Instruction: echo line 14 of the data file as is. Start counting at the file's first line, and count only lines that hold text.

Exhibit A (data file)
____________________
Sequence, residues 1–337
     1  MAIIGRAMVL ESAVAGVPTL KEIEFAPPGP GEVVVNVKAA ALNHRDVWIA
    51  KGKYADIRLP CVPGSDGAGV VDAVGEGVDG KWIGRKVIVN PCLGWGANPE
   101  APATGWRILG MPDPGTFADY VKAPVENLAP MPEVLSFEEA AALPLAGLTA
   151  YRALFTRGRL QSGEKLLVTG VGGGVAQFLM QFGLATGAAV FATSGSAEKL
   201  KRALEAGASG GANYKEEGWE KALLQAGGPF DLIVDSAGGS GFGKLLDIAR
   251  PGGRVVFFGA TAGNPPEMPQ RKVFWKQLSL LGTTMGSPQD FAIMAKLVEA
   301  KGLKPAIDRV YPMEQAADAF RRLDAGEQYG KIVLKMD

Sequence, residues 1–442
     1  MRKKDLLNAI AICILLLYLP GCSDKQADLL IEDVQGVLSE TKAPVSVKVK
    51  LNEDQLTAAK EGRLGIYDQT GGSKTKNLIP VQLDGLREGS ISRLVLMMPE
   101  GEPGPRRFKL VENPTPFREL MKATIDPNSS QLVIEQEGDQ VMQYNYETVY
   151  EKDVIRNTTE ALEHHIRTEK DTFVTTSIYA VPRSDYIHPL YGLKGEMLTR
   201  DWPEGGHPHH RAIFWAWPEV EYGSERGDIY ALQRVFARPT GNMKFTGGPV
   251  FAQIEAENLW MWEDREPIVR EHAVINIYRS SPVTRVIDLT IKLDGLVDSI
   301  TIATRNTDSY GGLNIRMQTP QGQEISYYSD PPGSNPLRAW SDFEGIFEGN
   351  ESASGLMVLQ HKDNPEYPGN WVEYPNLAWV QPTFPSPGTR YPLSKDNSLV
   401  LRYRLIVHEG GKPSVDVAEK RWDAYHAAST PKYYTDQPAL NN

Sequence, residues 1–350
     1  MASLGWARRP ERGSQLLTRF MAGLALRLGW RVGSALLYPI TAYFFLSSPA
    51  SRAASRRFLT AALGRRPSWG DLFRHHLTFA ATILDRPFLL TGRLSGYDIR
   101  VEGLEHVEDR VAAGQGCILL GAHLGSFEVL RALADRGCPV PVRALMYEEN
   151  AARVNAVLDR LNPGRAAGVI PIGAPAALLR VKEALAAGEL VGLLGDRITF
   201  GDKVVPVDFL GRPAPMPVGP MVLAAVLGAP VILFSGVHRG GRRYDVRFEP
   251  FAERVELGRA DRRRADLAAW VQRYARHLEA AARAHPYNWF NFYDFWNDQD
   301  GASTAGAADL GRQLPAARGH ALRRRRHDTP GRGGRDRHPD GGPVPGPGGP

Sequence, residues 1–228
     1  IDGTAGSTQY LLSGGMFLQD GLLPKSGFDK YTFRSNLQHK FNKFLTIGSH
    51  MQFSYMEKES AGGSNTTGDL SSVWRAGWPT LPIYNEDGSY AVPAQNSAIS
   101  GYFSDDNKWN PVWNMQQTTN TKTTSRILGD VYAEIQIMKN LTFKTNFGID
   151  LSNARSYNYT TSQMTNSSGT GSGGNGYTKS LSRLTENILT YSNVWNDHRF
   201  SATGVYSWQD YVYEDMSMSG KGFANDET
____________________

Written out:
   201  DWPEGGHPHH RAIFWAWPEV EYGSERGDIY ALQRVFARPT GNMKFTGGPV